Subtle point #6 – The Azure MFA service isn't involved in this MFA process – so, if users don't/can't use cellphones, or the location doesn't have good cell signal, or whatever, you can still have successful MFA (including AAD Conditional Access).

Subtle point #7 – There are a lot of technologies interwoven with this and each has a lot of variables (device registration level; managed vs federated; TPM vs no; version of Win10, etc.).  I'm not attempting to go into the depths of these here; I am merely discussing the end-results; the fruits of your labor.

More on the PRT

This PRT has a variety of info about the user and the device – you can review the PRT from CMD or PowerShell console: DSREGCMD /status

For example, below, we see the device in the screen shots above is Azure AD Joined (= “YES”) and we see some of the information from the certificate the device obtained from AAD during the AAD Join process:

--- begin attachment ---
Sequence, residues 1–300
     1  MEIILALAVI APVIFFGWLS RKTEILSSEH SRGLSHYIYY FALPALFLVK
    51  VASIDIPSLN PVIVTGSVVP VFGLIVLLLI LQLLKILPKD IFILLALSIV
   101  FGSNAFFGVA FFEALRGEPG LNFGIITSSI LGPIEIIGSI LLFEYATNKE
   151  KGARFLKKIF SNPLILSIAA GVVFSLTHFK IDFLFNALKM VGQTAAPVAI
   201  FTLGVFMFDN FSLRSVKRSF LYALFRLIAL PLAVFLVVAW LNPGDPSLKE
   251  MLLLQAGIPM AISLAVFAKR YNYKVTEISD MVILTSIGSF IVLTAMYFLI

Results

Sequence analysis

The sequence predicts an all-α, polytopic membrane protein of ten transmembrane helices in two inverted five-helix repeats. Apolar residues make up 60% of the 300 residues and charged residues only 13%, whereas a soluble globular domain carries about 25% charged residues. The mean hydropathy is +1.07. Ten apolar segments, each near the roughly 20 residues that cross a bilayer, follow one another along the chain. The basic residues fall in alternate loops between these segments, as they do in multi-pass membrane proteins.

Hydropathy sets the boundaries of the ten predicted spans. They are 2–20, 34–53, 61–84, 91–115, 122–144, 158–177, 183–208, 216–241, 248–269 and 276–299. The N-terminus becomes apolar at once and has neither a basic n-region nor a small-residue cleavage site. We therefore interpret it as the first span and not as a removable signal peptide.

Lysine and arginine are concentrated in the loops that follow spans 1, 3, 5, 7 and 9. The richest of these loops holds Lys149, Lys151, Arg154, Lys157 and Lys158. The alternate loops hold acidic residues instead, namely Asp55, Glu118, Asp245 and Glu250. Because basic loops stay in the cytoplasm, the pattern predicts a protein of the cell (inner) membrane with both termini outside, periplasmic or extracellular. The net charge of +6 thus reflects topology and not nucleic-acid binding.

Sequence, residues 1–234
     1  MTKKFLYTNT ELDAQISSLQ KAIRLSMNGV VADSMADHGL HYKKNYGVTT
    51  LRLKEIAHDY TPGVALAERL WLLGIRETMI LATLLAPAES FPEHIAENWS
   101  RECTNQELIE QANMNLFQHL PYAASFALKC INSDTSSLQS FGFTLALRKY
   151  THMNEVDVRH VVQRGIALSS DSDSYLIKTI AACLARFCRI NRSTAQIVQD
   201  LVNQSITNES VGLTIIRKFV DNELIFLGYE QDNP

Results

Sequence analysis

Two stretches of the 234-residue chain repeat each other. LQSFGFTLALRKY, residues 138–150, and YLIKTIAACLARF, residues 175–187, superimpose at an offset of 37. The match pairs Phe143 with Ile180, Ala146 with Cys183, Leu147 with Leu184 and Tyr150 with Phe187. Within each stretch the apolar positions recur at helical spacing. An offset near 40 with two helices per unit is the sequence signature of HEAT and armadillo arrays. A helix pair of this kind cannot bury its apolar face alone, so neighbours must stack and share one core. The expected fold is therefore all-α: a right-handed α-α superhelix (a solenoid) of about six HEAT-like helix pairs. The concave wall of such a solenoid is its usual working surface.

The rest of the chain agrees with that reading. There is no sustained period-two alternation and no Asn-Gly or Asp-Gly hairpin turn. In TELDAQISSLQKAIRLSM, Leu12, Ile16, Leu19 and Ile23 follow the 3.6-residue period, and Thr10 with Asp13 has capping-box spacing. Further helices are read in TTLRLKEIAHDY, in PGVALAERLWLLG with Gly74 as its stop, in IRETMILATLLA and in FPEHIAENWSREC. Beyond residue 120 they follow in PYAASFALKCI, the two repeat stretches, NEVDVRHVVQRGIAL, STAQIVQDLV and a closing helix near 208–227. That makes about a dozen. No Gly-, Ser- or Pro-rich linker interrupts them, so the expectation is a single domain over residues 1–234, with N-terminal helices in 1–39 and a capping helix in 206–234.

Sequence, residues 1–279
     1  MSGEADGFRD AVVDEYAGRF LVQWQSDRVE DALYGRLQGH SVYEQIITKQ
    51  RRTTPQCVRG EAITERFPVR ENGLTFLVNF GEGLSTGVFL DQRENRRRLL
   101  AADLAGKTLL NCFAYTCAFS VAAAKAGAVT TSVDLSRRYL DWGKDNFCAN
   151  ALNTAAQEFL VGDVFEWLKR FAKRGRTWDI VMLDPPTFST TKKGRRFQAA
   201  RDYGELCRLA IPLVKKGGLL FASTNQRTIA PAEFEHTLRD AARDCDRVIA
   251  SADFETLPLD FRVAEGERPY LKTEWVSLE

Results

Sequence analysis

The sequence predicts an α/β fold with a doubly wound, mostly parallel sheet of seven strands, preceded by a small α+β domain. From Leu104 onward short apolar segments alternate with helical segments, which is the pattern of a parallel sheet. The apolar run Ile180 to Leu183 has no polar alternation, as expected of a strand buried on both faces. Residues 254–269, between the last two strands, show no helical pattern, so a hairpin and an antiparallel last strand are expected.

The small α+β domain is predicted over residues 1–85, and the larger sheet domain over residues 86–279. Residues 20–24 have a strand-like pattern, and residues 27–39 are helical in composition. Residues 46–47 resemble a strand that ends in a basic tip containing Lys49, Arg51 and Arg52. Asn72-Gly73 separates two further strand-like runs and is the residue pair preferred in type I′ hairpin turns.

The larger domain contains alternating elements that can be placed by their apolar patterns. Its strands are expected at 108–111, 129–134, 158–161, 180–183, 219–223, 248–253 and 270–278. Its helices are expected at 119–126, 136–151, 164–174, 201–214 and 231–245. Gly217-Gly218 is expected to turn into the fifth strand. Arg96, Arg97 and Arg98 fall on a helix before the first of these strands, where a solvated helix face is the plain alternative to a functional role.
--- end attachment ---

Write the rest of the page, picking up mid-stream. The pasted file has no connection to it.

• NOTE: The validity date/time here is for the certificate obtained during device registration – it is not the validity date/time for the PRT (that's further below).


We can correlate that information with the AAD-issued certificate from the cert store on the device itself:


We can also see the validity and expiration dates for the PRT – however, the PRT will refresh if the device is in use, so the expiry time will continue to ‘slide' into the future.

  • IMPORTANT: As the PRT is used/refreshed, the MFA claim persists (if there is one).  See “Subtle point #5 above.”


“So what?”

With this information in mind, you might be thinking just that: “So?”